Tuesday, 14 August 2007

Bob Dylan in Brisbane 2007

Bob Dylan’s concert here in Brisbane last night was a revelation, a miracle. With his eyes glistening beneath a white Spanish hat, Dylan conjured up images of a younger self, of that wildly anarchic Bob Dylan of the 1970s’ Rolling Thunder Revue. And he performed here with comparable energy and intensity (albeit with greater control), reshaping and transfiguring some of his greatest songs.

The song and dance man was in fine form, and he was clearly enjoying himself. He was playful and exuberant in “Tangled Up in Blue.” He erupted into a raw and piercing harmonica solo in “Ballad of a Thin Man.” His interpretations of “Lay, Lady, Lay,” “When the Deal Goes Down,” and “The Lonesome Death of Hattie Carroll” were marked by subtle tenderness and exquisite longing. And his haunting delivery of “Nettie Moore” was almost overwhelming in its spare intensity – I couldn’t look, I had to close my eyes, as Dylan evoked his darkly luminous vision of a “world … gone black before my eyes.” In all this, I was above all impressed with a sense of how much Dylan cares about these songs – he is not their master but their servant, and night after night he lovingly places himself at their disposal.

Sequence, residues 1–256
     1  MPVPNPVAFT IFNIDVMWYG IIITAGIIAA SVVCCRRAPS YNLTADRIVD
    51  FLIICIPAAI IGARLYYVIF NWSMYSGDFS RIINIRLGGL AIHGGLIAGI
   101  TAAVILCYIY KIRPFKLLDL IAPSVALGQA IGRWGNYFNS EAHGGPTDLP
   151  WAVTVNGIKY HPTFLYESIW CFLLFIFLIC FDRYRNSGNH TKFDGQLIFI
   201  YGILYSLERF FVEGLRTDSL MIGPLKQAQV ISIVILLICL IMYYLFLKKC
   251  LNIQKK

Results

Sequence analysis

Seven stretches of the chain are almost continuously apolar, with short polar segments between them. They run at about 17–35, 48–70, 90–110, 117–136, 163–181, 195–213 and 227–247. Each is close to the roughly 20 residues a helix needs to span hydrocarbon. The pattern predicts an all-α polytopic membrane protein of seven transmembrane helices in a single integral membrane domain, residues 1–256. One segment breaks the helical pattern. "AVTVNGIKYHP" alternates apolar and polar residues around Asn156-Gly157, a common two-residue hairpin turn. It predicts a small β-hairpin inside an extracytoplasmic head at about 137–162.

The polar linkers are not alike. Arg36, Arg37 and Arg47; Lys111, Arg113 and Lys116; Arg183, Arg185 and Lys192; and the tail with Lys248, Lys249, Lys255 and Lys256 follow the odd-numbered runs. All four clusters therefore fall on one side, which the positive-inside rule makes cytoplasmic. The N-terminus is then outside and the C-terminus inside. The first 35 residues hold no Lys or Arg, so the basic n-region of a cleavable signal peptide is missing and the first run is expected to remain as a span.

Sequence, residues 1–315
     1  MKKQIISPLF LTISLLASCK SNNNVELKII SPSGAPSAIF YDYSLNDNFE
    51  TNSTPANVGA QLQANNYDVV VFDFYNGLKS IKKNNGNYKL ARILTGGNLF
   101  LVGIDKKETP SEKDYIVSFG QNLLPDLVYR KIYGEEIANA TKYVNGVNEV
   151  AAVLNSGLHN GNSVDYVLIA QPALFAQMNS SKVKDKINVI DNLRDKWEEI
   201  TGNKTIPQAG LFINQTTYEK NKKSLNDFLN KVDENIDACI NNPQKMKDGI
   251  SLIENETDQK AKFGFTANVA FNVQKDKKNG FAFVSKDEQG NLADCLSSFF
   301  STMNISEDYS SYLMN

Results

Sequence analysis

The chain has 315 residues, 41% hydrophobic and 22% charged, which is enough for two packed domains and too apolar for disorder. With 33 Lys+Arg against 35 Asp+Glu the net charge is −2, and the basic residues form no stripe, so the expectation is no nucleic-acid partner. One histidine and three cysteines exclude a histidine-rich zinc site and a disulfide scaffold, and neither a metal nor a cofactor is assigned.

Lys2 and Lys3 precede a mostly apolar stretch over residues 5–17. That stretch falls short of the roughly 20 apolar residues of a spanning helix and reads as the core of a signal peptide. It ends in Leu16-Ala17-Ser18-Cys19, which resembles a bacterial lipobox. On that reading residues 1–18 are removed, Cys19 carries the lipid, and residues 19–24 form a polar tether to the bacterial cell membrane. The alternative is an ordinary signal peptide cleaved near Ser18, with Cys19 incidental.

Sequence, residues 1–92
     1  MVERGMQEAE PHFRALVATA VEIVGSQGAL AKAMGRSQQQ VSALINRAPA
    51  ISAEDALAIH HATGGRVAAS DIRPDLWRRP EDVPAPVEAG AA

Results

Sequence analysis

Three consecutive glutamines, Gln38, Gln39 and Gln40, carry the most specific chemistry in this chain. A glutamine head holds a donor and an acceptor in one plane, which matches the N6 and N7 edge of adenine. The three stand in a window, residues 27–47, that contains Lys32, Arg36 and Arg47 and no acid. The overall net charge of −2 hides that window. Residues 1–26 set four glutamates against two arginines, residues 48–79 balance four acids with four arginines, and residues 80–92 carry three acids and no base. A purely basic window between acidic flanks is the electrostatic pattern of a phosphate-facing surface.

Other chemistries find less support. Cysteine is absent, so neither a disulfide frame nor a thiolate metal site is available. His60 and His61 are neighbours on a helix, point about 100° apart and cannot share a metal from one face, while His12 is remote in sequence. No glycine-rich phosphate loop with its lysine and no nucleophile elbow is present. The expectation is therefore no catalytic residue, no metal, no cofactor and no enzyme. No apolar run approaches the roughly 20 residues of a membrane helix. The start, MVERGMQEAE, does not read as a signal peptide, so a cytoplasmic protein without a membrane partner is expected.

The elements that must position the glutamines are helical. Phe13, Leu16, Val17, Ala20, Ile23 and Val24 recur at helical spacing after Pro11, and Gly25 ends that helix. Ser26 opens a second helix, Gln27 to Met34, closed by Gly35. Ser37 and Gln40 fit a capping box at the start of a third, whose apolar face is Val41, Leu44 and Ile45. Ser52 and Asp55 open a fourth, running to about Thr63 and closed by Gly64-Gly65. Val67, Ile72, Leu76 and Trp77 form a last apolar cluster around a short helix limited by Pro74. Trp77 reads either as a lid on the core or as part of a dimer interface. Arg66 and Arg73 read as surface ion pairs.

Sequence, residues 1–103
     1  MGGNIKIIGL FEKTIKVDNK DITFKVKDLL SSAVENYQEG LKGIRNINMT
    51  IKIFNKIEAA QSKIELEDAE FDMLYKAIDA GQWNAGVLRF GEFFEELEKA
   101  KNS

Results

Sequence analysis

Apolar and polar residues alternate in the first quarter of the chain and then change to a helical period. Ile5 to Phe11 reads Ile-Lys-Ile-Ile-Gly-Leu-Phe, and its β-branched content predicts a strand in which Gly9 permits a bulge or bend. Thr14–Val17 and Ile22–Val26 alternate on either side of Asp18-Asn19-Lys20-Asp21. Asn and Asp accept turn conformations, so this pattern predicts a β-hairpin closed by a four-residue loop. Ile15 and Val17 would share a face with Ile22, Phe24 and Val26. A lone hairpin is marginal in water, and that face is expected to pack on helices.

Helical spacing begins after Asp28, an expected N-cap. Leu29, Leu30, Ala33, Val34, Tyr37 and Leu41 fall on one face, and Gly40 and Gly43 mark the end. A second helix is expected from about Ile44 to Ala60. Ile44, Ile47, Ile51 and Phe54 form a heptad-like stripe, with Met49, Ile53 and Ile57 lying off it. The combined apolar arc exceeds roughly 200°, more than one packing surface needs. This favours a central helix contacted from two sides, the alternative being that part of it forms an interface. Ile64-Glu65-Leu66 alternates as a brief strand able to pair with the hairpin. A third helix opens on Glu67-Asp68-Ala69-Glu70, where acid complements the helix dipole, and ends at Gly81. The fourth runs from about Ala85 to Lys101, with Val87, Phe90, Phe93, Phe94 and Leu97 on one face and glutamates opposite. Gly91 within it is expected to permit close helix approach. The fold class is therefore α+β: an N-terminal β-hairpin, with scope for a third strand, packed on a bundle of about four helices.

But the greatest moments of the evening were the electrifying performance of “Highway 61 Revisited” and the explosive re-creation of the 2001 song “High Water.” The power of this latter performance was best summed up in Dylan’s own fierce growl, “I can write you poems, make a strong man lose his mind.”

If you didn’t feel this threat – the risk that you might “lose your mind” in the furnace of Bob Dylan’s creative intensity – then you simply weren’t paying attention.

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